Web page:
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School Threats: A look at how districts monitor students, notify parents

After a 12-year-old girl was allegedly raped at Parkland Middle School, many parents were left asking questions about how the school was communicating with them. Parents of children who attend Parkland Middle School were complaining they were not informed of any type of security threat at the school.

The ABC-7 I-team decided to investigate how security threats are handled and the process the school districts follow when communicating those threats to parents. ABC-7 visited the Ysleta Independent School District and the Socorro Independent School District to learn how the districts alert parents about a threat or an act of violence on a campus.

Irene Ahumada Medlin, who is the Principal of Ramona Elementary, told ABC-7 “security is our number one priority here.”

Ramona Elementary is part of the Ysleta ISD. Ahumada Medlin said they rely on prevention methods such as security cameras, locked doors and building check-in systems.

They scan IDs after people are admitted through the front door to make sure there is nothing that raises a red flag for safety related to that person’s history.

Pat O’Neill, the Chief of Operations at YISD, said they also have security guards in place. “At each one of our high school campuses, we have security officers and we also have an SRO, now if it’s a 911 situation, then we’re contacting the police,” O’Neill said.

Other school districts, like Socorro ISD, have their own Police Departments. At the SISD Communications Center, they have 42 monitors, with more than 2,000 cameras overseeing the 47 schools in their district.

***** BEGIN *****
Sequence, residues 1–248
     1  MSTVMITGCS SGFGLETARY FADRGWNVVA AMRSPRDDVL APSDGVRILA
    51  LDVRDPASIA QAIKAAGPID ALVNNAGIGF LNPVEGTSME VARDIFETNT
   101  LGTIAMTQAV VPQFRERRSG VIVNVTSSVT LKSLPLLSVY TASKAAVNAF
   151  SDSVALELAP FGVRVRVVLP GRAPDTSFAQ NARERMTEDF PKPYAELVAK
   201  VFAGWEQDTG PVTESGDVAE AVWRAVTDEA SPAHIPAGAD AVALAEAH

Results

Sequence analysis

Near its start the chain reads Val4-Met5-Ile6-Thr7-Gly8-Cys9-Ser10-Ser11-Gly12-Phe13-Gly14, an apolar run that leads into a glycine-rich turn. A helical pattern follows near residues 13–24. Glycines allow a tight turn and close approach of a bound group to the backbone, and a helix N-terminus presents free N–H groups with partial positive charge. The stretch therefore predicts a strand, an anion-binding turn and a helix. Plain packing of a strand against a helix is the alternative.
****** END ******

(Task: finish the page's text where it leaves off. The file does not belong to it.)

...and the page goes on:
Jose Castorena, the SISD Police Chief, said security at schools is also a priority, saying “we have security personal stationed at all of our campuses, all 47, high schools have three security have three assigned, middle schools and elementary’s have one.”

Castorena said they also inform parents of any situation or security threat as quickly as possible.

“We send out to parents what we are doing about it what we found, sometimes we can’t be very specific for the sake of the confidentiality portion,” Castorena said, “but we are very thorough on what we’re doing and how we’re handling it.”

Castorena told ABC-7 they use social media, the SISD mobile app and a call out system to notify parents of any type of security threat.

In the case of the reported rape at Parkland Middle school, it’s possible, according to O’neill, the district was not allowed to give any information out.

“We’re gonna call out 99 to 100 percent of the time. The only time when we wouldn’t do a call out is when we’ve been instructed by a local law enforcement agency not to call out,” O’Neill said.

Both districts said parents have a responsibility to keep the school informed on how to get in touch with them.

Ismael Castro, the Emergency Operations Plan Manager at SISD, said “it’s imperative that they have all their information up to date at the campus.”



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